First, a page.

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Publication Detail
Mapping the journey from epistemic mistrust in depressed adolescents receiving psychotherapy
  • Publication Type:
    Journal article
  • Publication Sub Type:
  • Authors:
    Li E, Midgley N, Luyten P, Sprecher E, Campbell C
  • Publisher:
    American Psychological Association
  • Publication date:
  • Journal:
    Journal of Counseling Psychology
  • Status:
  • Print ISSN:
  • Keywords:
    psychotherapy, epistemic trust, depression, adolescents, ideal type analysis
Although the theory of epistemic trust has started informing research in clinical populations and in psychotherapy, no study has yet explored the phenomenon of epistemic trust and mistrust in depressed adolescents receiving psychotherapy. The present study aims to address this gap by creating a typology of depressed adolescents’ experiences regarding their different journeys through the course of psychotherapy in relation to issues of epistemic trust and mistrust over a 2-year period. This study is based on a post-hoc analysis of interview data collected for a broader purpose. A total of 45 semi-structured interviews at 3 time points were conducted with 15 adolescents (80% female; M age = 15.28, SD = 1.79) who entered treatment with indications of epistemic mistrust or hypervigilance. These interviews were qualitatively analysed using Ideal Type Analysis. Three distinct journeys of adolescents’ experiences were identified. Some experienced a shift from epistemic mistrust to epistemic trust which seemed to be associated with the experience of therapy; other adolescents also showed a shift but did not consider it as an outcome of therapy; and finally, some adolescents reported continued mistrust over the 2-year period. An interpersonal component within or beyond therapy may be the key to breaking the vicious cycle of epistemic mistrust and generating epistemic trust; but not all depressed adolescents in therapy achieve this. Particular attention should be drawn to depressed adolescents who have difficulty making use of therapy and/or their broader social environment. Psychological interventions may need to openly address their issues of mistrust in early sessions as epistemic mistrust or hypervigilance may hinder paths to learning both within and beyond therapy. Treatments that intervene at the level of the wider social system are encouraged.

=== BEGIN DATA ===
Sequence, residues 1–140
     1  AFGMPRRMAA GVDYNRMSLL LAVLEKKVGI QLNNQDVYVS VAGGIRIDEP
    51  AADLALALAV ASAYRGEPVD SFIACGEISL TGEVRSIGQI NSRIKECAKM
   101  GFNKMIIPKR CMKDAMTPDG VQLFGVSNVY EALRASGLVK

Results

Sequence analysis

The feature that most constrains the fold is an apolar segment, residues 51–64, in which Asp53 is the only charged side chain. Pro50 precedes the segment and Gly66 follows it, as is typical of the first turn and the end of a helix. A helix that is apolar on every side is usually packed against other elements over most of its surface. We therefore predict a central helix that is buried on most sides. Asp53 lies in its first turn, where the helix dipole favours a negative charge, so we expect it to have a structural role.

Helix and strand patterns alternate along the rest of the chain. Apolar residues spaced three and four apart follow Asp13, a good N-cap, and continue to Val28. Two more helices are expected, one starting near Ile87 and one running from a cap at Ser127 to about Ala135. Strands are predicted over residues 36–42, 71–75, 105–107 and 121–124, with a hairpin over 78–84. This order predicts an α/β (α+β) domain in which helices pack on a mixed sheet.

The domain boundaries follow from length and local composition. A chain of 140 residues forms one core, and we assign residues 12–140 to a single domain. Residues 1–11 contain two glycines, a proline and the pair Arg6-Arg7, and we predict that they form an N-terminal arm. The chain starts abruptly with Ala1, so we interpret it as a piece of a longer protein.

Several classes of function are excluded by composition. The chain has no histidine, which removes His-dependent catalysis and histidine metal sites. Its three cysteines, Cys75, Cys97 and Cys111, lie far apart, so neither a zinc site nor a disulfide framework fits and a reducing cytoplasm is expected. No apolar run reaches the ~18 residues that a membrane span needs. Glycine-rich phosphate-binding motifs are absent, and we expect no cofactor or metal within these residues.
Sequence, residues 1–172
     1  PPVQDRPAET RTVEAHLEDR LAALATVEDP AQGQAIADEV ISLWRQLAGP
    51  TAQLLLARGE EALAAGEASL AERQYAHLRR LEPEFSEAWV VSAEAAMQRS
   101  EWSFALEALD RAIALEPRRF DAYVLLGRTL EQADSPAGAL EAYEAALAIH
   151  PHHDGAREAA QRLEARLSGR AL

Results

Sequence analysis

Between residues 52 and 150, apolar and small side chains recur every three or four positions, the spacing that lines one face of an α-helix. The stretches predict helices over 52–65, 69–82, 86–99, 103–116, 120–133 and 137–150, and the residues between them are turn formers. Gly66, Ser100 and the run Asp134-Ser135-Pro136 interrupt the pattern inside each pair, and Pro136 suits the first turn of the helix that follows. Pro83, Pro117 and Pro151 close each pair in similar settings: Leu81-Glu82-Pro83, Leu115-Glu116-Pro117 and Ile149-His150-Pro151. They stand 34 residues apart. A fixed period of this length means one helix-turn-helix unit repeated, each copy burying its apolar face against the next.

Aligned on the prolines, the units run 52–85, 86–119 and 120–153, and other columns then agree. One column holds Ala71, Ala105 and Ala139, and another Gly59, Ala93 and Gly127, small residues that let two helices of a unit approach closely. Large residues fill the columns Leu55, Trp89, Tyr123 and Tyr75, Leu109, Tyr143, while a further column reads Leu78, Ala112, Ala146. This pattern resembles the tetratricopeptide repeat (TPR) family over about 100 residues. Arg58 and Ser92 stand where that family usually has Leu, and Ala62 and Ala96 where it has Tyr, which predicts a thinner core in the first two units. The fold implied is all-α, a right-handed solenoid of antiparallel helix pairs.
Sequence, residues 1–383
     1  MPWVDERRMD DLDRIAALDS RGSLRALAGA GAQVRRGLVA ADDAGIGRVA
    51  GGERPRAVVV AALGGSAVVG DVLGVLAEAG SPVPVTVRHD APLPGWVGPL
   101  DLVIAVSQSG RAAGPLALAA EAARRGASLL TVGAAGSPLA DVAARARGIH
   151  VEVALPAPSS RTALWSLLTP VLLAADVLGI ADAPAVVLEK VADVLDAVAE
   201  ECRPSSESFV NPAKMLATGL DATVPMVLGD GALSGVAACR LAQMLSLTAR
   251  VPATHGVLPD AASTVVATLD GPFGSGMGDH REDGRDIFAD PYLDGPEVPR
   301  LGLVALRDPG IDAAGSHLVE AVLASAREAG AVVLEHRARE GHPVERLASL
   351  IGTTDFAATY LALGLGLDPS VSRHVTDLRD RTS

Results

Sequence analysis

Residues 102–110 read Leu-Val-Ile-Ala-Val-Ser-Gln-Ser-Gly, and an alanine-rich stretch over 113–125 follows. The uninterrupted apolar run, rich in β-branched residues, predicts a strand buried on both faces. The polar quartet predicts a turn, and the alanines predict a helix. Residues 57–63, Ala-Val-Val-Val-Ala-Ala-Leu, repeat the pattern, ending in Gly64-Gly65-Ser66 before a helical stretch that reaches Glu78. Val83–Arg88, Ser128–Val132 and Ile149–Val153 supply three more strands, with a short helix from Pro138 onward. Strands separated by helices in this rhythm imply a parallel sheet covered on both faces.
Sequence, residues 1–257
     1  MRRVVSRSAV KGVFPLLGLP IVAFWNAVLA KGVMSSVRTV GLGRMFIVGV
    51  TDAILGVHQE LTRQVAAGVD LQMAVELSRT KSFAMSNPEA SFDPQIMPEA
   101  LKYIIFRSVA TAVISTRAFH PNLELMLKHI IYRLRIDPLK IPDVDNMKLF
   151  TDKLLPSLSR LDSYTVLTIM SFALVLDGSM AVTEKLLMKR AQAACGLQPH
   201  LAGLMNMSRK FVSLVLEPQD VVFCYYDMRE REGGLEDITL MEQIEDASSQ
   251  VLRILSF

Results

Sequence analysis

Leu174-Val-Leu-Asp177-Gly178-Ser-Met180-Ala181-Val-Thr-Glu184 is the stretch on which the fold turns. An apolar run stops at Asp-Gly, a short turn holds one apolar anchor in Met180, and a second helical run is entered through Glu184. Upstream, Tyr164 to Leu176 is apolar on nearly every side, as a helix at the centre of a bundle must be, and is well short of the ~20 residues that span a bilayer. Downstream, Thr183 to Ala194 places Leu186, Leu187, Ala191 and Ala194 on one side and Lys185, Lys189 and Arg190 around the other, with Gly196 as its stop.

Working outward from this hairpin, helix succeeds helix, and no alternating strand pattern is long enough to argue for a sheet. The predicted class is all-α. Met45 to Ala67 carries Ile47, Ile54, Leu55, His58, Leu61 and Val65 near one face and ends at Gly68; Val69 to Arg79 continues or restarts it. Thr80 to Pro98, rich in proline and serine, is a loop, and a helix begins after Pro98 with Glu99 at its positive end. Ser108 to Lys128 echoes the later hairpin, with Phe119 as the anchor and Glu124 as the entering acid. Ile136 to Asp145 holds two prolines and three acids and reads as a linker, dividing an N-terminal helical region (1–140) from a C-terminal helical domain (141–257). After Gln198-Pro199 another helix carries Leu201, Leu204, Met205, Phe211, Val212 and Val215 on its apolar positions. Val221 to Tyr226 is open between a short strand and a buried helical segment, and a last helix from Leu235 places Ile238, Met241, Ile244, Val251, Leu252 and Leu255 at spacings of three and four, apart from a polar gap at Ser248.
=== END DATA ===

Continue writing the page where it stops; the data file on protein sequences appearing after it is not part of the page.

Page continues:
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Clinical, Edu & Hlth Psychology
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